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History and development of transcranial doppler (TCD)
The idea of investigating the intracranial circulation with ultrasound was first proposed in 1960 by Kaneko working in Osaka while developing the clinical uses of sonography (Kaneko, 1986; Satomursa and Kaneko, 1986). At that time the skull was considered a significant barrier to the penetration of ultrasound and the investigators chose to concentrate on investigating the extracranial circulation instead.
However the problem can be minimized by using a lower frequency of ultrasound and utilizing areas of the skull where the bone is thin enough to allow ultrasound waves to penetrate. Fortunately, one of the areas of thin bone is located in the temporal region and this area allows insonation of all the main cerebral arteries arising from the circle of Willis, namely the anterior cerebral, middle cerebral and posterior cerebral arteries. The middle cerebral artery (MCA) is particularly important as this is the main blood supply to the parietal area of the brain which contains the main motor and sensory cortices, the most important clinical areas affected by stroke.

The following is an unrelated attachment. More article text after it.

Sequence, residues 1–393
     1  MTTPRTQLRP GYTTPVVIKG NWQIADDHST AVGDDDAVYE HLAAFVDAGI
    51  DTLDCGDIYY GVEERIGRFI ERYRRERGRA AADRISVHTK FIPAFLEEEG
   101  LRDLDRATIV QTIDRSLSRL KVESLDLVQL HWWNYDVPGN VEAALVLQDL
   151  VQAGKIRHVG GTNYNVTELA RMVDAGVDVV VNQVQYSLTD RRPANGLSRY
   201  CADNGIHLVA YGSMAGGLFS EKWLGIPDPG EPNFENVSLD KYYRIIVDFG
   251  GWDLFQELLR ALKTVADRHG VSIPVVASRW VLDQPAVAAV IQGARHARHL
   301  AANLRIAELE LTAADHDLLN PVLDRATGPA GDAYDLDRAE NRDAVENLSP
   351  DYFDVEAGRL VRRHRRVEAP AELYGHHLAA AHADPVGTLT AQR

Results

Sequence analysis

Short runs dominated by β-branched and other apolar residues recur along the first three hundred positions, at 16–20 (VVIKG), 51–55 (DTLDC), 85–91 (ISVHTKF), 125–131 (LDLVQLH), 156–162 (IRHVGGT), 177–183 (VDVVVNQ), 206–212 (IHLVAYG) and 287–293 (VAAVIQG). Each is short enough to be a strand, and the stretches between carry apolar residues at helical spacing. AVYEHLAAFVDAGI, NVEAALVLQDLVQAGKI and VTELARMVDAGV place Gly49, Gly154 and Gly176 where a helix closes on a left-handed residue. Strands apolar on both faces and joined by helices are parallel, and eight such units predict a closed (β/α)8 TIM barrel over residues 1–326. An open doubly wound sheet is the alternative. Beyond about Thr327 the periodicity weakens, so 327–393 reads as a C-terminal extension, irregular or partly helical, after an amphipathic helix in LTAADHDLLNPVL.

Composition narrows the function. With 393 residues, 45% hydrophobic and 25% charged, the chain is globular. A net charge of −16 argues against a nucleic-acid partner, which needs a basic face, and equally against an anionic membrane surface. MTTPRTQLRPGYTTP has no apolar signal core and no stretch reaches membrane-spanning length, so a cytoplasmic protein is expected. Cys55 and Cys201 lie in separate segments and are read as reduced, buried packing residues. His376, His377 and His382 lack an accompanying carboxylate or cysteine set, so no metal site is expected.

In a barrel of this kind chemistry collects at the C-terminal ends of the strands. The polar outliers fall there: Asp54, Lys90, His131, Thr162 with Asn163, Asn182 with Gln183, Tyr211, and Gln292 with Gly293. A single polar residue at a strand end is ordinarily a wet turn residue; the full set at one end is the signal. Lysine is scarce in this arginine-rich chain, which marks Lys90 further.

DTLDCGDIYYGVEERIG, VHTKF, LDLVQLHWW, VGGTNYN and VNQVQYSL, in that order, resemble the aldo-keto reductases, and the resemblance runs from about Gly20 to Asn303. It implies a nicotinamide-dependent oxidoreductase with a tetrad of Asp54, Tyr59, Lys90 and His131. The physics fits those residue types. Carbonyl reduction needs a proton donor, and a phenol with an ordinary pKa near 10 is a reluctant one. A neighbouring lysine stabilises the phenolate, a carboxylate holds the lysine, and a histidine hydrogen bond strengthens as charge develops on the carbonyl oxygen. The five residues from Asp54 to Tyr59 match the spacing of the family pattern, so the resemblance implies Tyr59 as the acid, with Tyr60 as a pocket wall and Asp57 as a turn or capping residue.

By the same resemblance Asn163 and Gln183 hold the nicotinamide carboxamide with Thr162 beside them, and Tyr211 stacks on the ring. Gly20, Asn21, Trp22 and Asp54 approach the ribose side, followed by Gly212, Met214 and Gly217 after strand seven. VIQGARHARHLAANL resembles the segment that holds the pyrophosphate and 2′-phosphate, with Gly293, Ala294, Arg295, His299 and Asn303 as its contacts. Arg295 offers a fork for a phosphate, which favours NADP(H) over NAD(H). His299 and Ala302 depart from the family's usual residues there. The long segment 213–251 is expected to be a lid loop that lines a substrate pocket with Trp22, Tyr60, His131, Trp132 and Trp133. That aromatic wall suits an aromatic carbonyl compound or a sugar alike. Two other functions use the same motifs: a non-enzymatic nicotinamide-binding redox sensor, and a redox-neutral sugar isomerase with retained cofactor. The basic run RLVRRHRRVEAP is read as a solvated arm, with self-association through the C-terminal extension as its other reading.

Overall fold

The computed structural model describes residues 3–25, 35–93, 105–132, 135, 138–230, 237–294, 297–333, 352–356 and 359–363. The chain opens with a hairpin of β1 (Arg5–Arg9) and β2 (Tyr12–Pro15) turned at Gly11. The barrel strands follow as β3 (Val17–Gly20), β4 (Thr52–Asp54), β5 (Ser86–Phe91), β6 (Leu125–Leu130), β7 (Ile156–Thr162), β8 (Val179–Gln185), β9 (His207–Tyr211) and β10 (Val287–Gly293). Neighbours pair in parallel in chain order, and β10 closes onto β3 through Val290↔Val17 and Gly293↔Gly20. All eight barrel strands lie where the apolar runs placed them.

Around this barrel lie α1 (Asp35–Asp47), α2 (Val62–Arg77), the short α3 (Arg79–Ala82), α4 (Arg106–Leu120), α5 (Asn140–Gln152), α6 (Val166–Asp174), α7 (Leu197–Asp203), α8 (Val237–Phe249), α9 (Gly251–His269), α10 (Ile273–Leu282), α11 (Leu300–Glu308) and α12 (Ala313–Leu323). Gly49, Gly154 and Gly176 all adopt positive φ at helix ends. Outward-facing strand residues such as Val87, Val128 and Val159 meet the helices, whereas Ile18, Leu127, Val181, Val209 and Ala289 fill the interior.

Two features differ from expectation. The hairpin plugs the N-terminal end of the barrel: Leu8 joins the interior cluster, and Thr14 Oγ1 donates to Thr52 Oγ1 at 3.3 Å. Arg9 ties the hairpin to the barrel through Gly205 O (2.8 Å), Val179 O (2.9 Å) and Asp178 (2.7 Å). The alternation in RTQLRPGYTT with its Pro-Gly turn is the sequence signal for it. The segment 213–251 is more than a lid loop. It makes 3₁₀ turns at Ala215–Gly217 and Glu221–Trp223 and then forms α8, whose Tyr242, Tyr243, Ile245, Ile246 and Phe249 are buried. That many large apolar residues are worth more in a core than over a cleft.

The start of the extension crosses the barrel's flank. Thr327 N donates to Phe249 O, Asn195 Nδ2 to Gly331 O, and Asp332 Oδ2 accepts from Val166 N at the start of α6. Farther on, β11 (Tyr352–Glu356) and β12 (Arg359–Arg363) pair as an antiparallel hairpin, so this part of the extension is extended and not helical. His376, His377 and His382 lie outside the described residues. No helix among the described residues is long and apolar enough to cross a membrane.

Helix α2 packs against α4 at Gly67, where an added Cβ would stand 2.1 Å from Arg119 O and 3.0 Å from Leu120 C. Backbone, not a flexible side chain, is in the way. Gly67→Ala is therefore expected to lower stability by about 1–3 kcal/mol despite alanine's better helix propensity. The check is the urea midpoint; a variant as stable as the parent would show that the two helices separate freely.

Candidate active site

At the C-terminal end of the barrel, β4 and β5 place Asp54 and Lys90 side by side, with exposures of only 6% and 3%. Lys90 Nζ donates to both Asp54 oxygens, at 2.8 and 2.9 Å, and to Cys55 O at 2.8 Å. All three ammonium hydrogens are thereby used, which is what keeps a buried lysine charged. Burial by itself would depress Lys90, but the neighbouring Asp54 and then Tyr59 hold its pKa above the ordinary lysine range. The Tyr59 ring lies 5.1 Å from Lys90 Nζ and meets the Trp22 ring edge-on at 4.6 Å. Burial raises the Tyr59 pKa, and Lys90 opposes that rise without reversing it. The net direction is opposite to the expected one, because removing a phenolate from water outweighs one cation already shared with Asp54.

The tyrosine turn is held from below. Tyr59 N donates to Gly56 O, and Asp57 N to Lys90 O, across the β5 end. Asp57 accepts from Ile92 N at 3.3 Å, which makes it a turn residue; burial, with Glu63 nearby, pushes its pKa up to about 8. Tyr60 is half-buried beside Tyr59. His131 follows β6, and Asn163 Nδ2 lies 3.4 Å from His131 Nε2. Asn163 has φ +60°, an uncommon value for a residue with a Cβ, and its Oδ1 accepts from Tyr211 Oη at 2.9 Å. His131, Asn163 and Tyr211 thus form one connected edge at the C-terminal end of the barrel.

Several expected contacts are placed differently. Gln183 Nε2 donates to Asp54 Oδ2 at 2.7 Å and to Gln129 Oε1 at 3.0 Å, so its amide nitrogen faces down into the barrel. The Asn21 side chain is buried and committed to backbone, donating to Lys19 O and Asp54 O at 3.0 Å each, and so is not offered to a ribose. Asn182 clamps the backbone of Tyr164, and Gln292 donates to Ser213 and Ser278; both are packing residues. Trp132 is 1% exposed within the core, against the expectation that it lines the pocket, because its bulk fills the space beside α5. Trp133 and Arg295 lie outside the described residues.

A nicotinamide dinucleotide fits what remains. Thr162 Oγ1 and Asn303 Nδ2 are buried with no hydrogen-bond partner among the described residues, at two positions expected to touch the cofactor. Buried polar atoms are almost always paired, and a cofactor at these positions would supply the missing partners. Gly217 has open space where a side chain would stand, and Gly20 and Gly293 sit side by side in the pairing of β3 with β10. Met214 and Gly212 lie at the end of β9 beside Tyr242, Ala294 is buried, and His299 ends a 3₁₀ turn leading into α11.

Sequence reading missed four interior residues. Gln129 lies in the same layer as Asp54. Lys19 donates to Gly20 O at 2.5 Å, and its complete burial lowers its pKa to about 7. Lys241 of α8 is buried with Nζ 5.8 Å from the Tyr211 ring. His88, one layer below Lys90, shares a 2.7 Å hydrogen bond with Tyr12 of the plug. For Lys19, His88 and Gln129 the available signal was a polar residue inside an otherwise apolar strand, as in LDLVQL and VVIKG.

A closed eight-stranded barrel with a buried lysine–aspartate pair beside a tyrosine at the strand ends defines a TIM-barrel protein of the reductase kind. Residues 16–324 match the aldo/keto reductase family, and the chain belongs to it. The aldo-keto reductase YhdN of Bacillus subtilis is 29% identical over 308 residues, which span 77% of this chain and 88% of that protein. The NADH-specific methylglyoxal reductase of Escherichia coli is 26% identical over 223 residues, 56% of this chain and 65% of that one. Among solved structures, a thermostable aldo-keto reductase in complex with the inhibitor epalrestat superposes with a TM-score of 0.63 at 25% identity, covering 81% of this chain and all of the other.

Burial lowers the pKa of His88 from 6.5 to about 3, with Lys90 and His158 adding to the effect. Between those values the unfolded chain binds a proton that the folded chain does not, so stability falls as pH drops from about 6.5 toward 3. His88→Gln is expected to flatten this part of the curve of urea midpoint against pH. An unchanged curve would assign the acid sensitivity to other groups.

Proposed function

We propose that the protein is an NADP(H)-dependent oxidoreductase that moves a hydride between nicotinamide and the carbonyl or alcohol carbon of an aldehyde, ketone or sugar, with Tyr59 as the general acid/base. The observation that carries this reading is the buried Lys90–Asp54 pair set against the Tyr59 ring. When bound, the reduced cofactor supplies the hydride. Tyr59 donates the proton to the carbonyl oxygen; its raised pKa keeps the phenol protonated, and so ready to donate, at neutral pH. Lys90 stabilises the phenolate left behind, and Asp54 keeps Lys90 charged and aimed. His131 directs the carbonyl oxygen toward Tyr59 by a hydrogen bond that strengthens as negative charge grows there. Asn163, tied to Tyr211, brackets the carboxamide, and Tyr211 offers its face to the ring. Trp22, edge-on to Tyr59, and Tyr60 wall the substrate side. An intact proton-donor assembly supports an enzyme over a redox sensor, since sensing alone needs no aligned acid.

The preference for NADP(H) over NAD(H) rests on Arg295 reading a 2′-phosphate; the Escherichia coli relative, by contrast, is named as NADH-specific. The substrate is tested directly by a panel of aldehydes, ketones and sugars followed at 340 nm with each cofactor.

The first transcranial Doppler recordings were performed by Rune Aaslid in the Department of Neurosurgery in Bern in the summer of 1981 utilizing a 2 MHz pulsed Doppler machine originally designed for cardiac use (Aaslid et al., 1982). Today, advances in microprocessor technology have enabled the development of specialized systems which have helped to establish TCD as a useful method for studying cerebral hemodynamics and detecting cerebral embolization in a wide variety of clinical and research situations.
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